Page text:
Today we reach album #150 in this “little” project I started back in January, quite the milestone. It’s been good for me writing about these records and in some cases discovering corners of and things about them that are new even to me and I hope some of you out there are still following along and occasionally enjoying these ramblings.
“Luxury Liner” is Emmylou’s 4th solo album and 2nd successive (US Country) #1. Live and in the studio she had gathered around her a bunch of musicians now known as the Hot Band, chief among them being James Burton from Elvis Presley’s band and who had also played on Gram Parsons records. Around 1976 Burton returned to Elvis’ live band and was replaced in the Hot Band by British guitarist virtuoso Albert Lee (check out his song “Country Boy”) who makes his first appearance on an Emmylou album here.
Makeup wise things remain the same. A couple of songs written with Rodney Crowell, some standards by Chuck Berry and the Louvin Brothers, no Beatles this time but two more of Gram Parson’s songs and, importantly, the very first cover of Townes van Zandt’s “Pancho And Lefty”.
Townes van Zandt was a singer and songwriter who was effectively ignored during his lifetime but who, in later years, has come to be hailed as a master of American songwriting. He lived for many years in a shack with no electricity or telephone. He had his addictions to drink and drugs and was diagnosed with bipolar disorder. His health problems from his addictions were responsible for his death in 1997. “Pancho And Lefty”, which Van Zandt recorded originally for his 1972 album “The Late Great Townes Van Zandt”, has become his best known song as, after this first cover by Emmylou, it’s been covered by anybody who is anybody in Country music and beyond. There are versions by Willie Nelson and Merle Haggard, Roseanne Cash, Jason Isbell, Steve Earle, Bob Dylan and even Frank Turner…the list is seemingly endless. It’s a wonderful song, the tale of 2 “cowboy” drifters, Pancho (spelt Poncho on TvZ’s original version) and Lefty, one of whom “met his match you know, On the deserts down in Mexico”, the other who immediately “split for Ohio”. Have a listen below, Emmylou delivers it beautifully.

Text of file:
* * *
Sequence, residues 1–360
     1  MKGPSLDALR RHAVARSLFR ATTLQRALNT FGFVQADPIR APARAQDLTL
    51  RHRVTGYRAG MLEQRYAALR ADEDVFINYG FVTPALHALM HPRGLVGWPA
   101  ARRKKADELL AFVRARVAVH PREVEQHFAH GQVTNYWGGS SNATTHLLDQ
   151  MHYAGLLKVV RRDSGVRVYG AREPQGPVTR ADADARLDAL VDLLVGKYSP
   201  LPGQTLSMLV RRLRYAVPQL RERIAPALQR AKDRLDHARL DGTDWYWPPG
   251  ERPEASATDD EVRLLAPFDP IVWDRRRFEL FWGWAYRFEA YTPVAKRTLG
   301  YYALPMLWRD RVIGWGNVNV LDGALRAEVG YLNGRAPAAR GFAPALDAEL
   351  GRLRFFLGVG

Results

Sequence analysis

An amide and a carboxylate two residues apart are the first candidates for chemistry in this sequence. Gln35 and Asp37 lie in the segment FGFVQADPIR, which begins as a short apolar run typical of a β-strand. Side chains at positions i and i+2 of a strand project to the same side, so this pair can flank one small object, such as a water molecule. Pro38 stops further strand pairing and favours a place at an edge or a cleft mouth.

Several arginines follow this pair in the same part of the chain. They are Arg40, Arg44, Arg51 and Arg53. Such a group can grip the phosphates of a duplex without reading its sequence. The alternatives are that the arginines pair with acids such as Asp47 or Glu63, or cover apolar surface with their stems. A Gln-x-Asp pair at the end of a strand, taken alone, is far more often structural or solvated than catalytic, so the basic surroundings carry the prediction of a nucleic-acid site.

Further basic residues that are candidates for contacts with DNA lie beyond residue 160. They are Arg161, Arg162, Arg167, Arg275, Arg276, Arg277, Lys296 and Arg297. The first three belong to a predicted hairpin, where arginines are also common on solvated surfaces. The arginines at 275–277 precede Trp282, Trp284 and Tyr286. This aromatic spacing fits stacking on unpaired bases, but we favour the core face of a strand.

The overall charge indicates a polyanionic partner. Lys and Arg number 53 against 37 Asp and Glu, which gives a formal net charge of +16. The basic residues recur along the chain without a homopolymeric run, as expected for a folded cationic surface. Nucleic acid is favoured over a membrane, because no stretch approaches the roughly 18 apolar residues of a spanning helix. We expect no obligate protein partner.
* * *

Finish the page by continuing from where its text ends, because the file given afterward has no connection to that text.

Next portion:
I only usually include one video link on these things but today I’ve left you three. “Pancho And Lefty” from this album, a live version from someot other Euro music show with Emmylou and the Hot Band (Rodney Crowell on acoustic and Albert Lee on Electric guitar) and last a lovely interview with Townes himself about the song. Sorry if it’s overload but it’s such an important song I think it deserves to be celebrated.
Back to the album…my other main points of interest here are the two Gram Parsons songs. “Luxury Liner” dates back to Gram’s time in the late 60’s, pre-Byrds, with the International Submarine Band. That band also featured Chris Etheridge who turned up in the Flying Burrito Brothers later on. The song is a steamroller Country hoedown with an impossibly fast picked solo by (I’m pretty sure) Albert Lee.
The second of Gram’s songs is the gorgeous ballad “She”. It originally appeared on Gram’s first solo album “GP”. I’ve always thought the song was about Emmylou anyway with lyrics like “She, came from the land of the cotton” (Emmylou is from Alabama) and the more than obvious “Oh my, but she sure could sing”. It’s a thing of rare beauty.
Not much else to report. You either like Country music or you don’t (I do and I’d like to think I might help change some perceptions along the way). Onto the next one.
Pancho And Lefty - https://youtu.be/l3LQeRqTBK4
Pancho And Lefty (TopPop) - https://youtu.be/1MtvnZ2LvsM
Townes van Zandt Explains Panch And Lefty - https://youtu.be/g3bFAuuUeXU